Numerous tools are at your disposal to help characters endure the torments of war. Hit points and defence ratings being forefront, but it all depends on how your game has already been built. By manipulating and adjusting these values, you can work out a proper average for heroes to conclude a fight. If you want a bloody game, boost the hit points. Gritty and realism? You’ll likely want to ramp the defence.

Stop and think about the bigger picture. These heroes need to survive through more than just this fight; they have to reach the end of the adventure in some capacity, typically wounded and covered in scars. If they suffer terrible injuries in a single fight and have difficulty recovering from its effects before the next fight goes down, this could end up a major issue with your game. Survival extends to more than just the fight and that’s why it creates such a final and lasting impression for players. Dying in a single fight is one thing, but having the whole group wiped out because they were all dangling in with single digit hit points before the boss is crushing.

Many combat heavy RPGs adjust for this measure through a more creative strategy by categorizing enemies into ranks. Take a dungeon crawl, for example. You’re going to encounter a lot of resistance along the way, but the primary goal for the story is to reach the final villain in a grand confrontation. The heroes are expected to be there at the end with fewer resources to impose an increased challenge to the fight. Those resources are lost against minor opponents and a few strategically placed lieutenants (if you will) whose role is to smack the heroes around a little, but not intentionally kill them. By breaking these opponents into levels and design them to keep pace with character levels, Gamemasters can start the fight with some measure of assurance of the players’ survivability. Plus there’s the added benefit of “unlocking” new opponents as the campaign grows. You know you’re in the big leagues when it’s a pit fiend, yes, sir.


Surviving the fight is about more than continuation of the story and the sensation of victory in the face of imaginary danger. These characters fought really hard and put their lives on the line. They might be doing it for charity on behalf of those villagers, but they turn to the GM for a little something something. They want a reward for living through the fight.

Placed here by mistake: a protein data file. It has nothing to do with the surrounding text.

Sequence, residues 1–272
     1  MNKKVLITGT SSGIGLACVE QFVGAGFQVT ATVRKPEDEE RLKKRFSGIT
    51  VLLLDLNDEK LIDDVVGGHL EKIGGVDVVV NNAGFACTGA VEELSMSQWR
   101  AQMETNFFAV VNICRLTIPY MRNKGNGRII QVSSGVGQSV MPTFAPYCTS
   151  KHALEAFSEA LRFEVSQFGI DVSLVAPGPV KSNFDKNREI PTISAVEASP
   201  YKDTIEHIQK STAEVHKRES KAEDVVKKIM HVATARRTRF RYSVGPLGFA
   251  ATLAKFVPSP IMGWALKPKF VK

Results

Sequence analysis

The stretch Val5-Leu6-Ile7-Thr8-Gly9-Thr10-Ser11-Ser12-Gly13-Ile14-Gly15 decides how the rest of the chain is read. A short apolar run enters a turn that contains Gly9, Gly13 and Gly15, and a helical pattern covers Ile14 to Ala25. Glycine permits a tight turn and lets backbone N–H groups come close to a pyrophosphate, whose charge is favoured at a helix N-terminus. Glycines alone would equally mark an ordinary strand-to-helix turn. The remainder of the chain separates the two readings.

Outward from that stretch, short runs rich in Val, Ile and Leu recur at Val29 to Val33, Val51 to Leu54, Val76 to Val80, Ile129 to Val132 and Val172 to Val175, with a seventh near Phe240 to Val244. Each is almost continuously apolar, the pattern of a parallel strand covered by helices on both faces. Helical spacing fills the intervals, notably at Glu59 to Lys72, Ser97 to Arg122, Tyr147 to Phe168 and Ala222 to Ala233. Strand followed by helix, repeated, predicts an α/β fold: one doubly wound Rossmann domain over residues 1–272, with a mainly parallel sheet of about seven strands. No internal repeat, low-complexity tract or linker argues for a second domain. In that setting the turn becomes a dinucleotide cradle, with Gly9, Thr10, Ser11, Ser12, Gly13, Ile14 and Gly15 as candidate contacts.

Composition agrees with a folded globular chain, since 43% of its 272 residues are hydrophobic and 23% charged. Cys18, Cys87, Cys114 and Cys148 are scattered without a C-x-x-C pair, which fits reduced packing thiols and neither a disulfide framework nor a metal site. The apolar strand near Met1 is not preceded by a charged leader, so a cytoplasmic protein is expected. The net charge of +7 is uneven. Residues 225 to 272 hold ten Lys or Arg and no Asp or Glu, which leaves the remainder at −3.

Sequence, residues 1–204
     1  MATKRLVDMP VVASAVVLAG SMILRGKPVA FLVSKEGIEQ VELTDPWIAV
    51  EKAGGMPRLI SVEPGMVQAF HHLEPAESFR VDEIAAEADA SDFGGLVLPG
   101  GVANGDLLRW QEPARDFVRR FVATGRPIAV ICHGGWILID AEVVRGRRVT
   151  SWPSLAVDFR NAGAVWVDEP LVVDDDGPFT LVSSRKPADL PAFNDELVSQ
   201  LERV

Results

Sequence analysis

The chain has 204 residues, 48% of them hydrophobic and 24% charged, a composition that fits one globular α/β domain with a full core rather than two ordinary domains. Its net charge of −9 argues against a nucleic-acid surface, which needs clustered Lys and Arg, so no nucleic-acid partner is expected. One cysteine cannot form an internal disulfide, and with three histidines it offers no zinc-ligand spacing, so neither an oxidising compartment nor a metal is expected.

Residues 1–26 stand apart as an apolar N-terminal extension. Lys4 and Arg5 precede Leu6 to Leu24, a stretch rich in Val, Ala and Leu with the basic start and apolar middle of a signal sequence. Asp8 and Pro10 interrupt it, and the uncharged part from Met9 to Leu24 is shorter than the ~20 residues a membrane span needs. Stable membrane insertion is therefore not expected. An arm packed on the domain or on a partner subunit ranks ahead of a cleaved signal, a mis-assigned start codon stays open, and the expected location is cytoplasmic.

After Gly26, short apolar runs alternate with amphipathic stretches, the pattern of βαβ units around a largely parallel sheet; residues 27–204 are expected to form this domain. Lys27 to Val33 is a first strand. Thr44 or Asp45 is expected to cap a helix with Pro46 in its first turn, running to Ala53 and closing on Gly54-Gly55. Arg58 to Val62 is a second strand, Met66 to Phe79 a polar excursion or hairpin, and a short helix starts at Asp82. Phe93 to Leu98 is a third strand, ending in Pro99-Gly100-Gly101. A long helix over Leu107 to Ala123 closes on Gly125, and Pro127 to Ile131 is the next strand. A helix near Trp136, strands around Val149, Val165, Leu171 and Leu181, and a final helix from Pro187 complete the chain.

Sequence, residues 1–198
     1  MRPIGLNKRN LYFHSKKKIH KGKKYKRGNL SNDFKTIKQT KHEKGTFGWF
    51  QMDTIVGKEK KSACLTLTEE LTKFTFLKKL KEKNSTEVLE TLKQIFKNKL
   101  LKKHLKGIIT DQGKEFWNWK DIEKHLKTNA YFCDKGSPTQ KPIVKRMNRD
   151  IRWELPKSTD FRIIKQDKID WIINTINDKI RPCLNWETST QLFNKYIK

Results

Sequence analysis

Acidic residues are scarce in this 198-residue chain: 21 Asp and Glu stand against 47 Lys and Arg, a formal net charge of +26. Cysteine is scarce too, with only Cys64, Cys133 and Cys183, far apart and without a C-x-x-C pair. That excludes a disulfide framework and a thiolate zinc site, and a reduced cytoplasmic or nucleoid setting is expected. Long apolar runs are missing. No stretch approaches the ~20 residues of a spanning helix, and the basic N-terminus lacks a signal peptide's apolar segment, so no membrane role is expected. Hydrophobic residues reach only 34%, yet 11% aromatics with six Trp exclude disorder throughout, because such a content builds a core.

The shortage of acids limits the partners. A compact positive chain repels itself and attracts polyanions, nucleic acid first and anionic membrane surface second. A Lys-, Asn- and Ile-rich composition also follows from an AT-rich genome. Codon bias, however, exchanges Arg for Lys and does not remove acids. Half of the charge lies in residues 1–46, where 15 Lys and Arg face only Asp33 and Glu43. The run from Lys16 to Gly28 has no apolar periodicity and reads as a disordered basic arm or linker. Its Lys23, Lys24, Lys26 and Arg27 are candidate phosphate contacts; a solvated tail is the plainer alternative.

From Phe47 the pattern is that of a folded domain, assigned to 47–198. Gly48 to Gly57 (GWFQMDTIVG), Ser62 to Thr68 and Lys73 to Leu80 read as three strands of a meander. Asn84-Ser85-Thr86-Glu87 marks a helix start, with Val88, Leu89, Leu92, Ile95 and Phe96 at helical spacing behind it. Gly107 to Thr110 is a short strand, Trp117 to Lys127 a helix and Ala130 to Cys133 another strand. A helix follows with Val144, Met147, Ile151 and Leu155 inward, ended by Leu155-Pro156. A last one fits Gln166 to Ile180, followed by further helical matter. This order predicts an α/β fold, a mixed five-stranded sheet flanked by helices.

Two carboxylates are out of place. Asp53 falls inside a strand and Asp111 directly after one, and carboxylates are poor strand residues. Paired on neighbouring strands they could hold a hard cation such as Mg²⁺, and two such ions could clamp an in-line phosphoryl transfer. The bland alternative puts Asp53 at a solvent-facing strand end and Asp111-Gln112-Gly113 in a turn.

And so we come right back to challenge. Campaigns are not about stagnancy, they exist to provide a rising story and game experience for players to enjoy. After a few games, they’ve already seen their character’s max out at dice rolls and experienced their abilities a few times. They’ll want to see something new to keep everything fresh and reward them for their dedication and quick thinking to the campaign. Rightfully so, they should be rewarded and part of that reward involves keeping up with the stronger characters over the course of the campaign.

This is the greatest task facing every RPG ever in existence and some of the largest and greatest publishers have struggled with it. By their own admission, Wizards of the Coast’s 4th edition of D&D stumbled and tripped over itself in the epic tier (levels 21-30) and allowed their heroes to become near unstoppable forces of good. This may have been fine for some, but it didn’t leave a comfortable taste for many others and many restarted new campaigns sticking to the first ten levels when it had the right balance for them. Many games have the same issues without ever having mechanical issues because it all stems from what keeps the individual group happy.


Um, nope, that’s everything. Part 5 of a five-part series, remember?

In all honesty, this is a topic that could go on forever and ever, possibly as a column all its own to dive into the possibilities both mechanically and creatively for combat management. As a starting point, this is what I work with in my own designs before breaking down each step into rules and mechanics. How do you rank your steps?